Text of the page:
An Unholy Communion (#03 in The Monastery Murders Series)
About "An Unholy Communion (#03 in The Monastery Murders Series)"
Felicity's ecstatic enjoyment of her fellow ordinands' singing in Ascension Morn from the top of Pusey Tower at the College of the Transfiguration is shattered when a black-robed body hurtles over the precipice and rolls to a stop at her feet. Father Antony recognizes the corpse as Hwyl Pendry, a former student of his, who has been serving as Deliverance Minister in the diocese of St. David's. The police ignore the strange emblem of a double-headed snake curling across a triangle Hwyl clutched in his hand and label the death a suicide. But Hwyl?s widow is convinced otherwise, and pleads for Felicity and Antony to help her uncover the truth. Matters grow murkier as Felicity and Antony, leading a youth pilgrimage through rural Wales, encounter the same sinister symbol of a double-headed snake on their travels. Lurking figures follow the group. Then one of the young people is found face-down in a well ?
Meet the Author
Donna Fletcher Crow
Donna Fletcher Crow is author of more than thirty-five novels. She has twice won first place in the Historical Fiction category from the National Association of Press Women, and has also been a finalist for "Best Inspirational Novel" from the Romance Writers of America. She is a member of The Arts Centre Group, and Sisters in Crime. www.donnafletchercrow.com
Customer Reviews For "An Unholy Communion (#03 in The Monastery Murders Series)"Write Your Own Review
I enjoyed reading this book. I've read Book 1, A Very Private Grave, and it was good to journey with Felicity and Father Antony again. Felicity is an American who studies at an English monastery where Father Antony is a lecturer. This book differs to the typical Christian fiction book because it explores the historic Anglo-Catholic roots and traditions of the Anglican Church in England. The Monastery Murder series have plots that are connected to the early church in Britain, going back as far as the early centuries AD when the saints lived and the Christian faith spread through the known world from Rome. Antony and Felicity are engaged to be married, and become embroiled in a modern day murder mystery when a dead body falls out of a church bell tower during the Ascension morning service and lands at Felicity's feet. The man is holding a piece of paper with a distinctive snake emblem on it. Felicity reaches for the paper and it ignites, reducing to ashes for no apparent reason. Antony and Felicity embark on a youth pilgrimmage walking tour through Wales, following in the steps of Saint David. They are accompanied by a quirky group who add colour and flavour to the story. A series of unusual events occur that suggest a supernatural force may be at work. I recommend this book to those interested in reading a supernatural murder mystery that explores early British church history.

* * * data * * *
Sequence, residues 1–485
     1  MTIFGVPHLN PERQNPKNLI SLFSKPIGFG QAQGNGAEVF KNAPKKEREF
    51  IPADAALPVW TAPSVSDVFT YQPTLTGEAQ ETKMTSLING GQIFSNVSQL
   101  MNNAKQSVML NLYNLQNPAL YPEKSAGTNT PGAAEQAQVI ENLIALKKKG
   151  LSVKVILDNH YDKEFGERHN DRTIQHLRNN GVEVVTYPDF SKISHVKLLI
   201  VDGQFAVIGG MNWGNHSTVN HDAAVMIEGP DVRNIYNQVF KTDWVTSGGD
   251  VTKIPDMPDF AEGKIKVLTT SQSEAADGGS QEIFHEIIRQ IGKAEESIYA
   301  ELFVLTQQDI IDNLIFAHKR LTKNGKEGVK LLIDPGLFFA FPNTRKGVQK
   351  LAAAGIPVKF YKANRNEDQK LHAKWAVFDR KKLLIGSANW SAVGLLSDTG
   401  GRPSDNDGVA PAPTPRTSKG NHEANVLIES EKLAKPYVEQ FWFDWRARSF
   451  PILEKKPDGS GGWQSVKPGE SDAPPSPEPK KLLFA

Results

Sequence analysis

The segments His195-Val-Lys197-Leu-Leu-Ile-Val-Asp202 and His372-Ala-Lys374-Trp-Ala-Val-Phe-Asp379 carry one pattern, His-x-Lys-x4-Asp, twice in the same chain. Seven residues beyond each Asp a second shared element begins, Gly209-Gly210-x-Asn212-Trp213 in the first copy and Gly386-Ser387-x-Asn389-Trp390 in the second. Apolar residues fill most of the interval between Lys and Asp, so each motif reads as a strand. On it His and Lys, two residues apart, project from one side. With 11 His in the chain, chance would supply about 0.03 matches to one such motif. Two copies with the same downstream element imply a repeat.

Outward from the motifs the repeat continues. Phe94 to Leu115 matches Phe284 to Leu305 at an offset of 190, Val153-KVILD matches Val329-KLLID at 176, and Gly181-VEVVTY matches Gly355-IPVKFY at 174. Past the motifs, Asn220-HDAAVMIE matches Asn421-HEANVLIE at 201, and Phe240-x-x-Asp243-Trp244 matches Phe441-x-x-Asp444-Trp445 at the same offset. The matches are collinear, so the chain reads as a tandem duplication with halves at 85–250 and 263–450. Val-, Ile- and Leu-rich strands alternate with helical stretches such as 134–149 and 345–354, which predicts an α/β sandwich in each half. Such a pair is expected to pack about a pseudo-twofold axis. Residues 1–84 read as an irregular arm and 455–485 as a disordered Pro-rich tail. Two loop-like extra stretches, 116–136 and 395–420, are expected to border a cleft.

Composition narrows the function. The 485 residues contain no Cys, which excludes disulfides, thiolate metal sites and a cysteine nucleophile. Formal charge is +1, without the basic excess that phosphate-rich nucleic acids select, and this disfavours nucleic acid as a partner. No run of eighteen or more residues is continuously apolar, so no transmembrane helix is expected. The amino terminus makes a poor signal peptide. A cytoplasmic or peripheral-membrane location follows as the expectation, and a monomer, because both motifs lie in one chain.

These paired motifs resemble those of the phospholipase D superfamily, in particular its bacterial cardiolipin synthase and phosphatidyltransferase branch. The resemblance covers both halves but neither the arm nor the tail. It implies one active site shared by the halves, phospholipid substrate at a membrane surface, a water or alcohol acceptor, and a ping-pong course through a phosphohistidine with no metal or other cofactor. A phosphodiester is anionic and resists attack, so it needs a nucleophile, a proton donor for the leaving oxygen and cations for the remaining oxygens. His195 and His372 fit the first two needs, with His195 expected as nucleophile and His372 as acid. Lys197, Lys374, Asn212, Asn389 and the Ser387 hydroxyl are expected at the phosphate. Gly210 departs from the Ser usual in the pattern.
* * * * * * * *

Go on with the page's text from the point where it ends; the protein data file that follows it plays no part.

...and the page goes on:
This is a murder mystery, and starts well with a body appearing almost immediately. But the mystery of poor Hwyl's death is then ignored as Antony and Felicity go walking in Wales, and apart from the obvious fact that Hwyl is Welsh, this has no apparent relevance to the mystery. In fact, I was about 75% of the way through the novel before they started to address the mystery at all, and then it was quickly apparent (to me at least) who was behind it. The walk, as described, was much like I imagine a real walk across Wales would be: long and boring, with occasional short bursts of action. It was supposed to be ecumenical (i.e. representing all the Christian world), but was actually Anglican-and high Anglican at that, complete with bells and smells, praying exclusively out of the prayer book, and saying the Stations of the Cross at regular intervals. This wouldn't have bothered me except the characters made a point of saying the walk was ecumenical, and it detracted from what was supposed to be the mystery of Hywl's death. An Unholy Communion is the third in The Monastery Murders series, the first one I've read and probably the last. It didn't work for me as a murder mystery, and I didn't like the characters sufficiently to care what happens next. Thanks to Lion Fiction and NetGalley for providing a free ebook for review